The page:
RFID (radio frequency identification) tagging’s early adopters in grocery have had mixed success because they have not brought trading partners along with them or resolved technical issues, according to experts.
RFID presented exciting opportunities for manufacturers, from speedier more accurate stock control and goods despatch to asset tracking and improved traceability. That was according to Pascal Durdu, business development manager at track and trace specialist Zetes, who was speaking at a traceability event in London last week.
However, many were still not clear about the business case. They recognised that retail customers might benefit from speedier and more accurate receipt of goods at depots. But they did not always see where to generate return on investment, said Durdu. He was speaking at a seminar hosted by standards body GS1 UK and supported by the Food Standards Agency, IBM and Zetes.
Manufacturers supplying Marks & Spencer, which operates a closed loop system using reusable RFID tags embedded in returnable plastic trays, had seen benefits, said GS1 UK programme manager Steve Watson. M&S benefitted from more accurate deliveries and prompter goods handling, while suppliers got paid more quickly, as those that reached a level of accuracy consistently were fast-tracked through the system.
However, other retailers such as Delhaize and Wal-Mart, which had mandated that suppliers tag plastic crates and cases respectively, had not achieved the same kind of results, said Durdu. Many were still following the ‘slap and ship’ approach, and saw RFID purely as a costly compliance issue rather than something that would benefit their businesses.
Some still chose to pay a fine per item that was not tagged rather than pay the cost of implementing RFID, he added. Many suppliers to German group Metro, which had issued a similar mandate regarding RFID tagging on pallets, were also struggling to comply, he said.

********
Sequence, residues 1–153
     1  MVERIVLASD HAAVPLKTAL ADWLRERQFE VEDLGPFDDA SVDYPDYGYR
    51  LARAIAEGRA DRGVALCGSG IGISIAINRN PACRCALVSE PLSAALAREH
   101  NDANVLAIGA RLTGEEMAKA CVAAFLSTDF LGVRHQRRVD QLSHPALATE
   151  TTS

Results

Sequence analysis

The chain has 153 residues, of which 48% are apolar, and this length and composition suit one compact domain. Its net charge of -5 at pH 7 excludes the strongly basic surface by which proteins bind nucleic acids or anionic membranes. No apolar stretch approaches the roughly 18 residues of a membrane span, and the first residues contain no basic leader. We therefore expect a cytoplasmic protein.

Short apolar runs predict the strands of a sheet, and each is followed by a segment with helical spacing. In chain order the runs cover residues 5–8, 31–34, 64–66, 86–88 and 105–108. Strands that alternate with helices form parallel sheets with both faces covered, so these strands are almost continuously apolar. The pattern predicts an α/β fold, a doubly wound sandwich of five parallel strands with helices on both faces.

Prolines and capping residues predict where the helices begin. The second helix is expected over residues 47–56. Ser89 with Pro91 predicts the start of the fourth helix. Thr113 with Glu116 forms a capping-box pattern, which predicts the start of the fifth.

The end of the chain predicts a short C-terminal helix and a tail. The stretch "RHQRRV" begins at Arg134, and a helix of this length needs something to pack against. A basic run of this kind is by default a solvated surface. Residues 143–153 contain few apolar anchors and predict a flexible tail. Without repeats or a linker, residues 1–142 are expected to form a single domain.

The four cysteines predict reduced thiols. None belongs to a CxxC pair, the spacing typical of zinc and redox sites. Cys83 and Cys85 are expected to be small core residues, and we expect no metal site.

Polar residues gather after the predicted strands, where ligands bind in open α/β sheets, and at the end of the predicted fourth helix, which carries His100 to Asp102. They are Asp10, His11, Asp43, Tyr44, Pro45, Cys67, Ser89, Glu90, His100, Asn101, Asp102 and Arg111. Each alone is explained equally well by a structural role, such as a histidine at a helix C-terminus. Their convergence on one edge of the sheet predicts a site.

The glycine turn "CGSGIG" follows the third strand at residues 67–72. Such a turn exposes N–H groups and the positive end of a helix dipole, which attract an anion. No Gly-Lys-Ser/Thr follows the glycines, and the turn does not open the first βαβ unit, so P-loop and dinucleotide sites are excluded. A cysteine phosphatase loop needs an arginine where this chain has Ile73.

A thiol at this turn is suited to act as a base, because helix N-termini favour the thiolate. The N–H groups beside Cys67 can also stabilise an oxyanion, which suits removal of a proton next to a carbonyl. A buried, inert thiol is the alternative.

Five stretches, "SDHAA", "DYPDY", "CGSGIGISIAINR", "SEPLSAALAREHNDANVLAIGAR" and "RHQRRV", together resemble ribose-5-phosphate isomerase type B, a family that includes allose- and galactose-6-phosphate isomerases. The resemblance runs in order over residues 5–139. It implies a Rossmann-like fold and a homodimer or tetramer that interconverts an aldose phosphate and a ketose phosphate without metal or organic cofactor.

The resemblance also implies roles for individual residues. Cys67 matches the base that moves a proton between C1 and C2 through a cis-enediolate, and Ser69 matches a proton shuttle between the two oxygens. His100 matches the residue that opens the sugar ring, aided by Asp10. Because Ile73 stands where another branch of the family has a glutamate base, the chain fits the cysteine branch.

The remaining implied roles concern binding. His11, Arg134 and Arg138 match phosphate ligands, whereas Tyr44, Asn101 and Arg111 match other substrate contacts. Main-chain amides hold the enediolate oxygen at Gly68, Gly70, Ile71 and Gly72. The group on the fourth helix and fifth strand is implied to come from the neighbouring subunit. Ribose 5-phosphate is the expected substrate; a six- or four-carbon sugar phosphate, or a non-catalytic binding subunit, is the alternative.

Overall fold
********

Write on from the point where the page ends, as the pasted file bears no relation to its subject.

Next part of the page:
One challenge had been designing the technical infrastructure to support RFID such that readers only picked up what you wanted them to pick up, he said. As RFID readers did not require line of sight to scan labels/tags, tags on packets, crates or rollcages that were not supposed to be read could be scanned in error, for example. “What if, in a warehouse, one tag is within reach of two antennas and is picked up by both? Of course you can design your system so this doesn’t happen, but it’s been a learning curve for many companies.”
Tesco attracted a lot of publicity a few years ago over plans to introduce RFID to returnable assets such as rollcages and plastic trays moving between its distribution centres and stores. It has since remained very quiet on the issue and refuses to discuss its current plans. However, it was currently conducting several pilots of the technology, claimed delegates at the event.
Asda, meanwhile, said it was following Wal-Mart’s progress in the US, but would not comment on UK plans.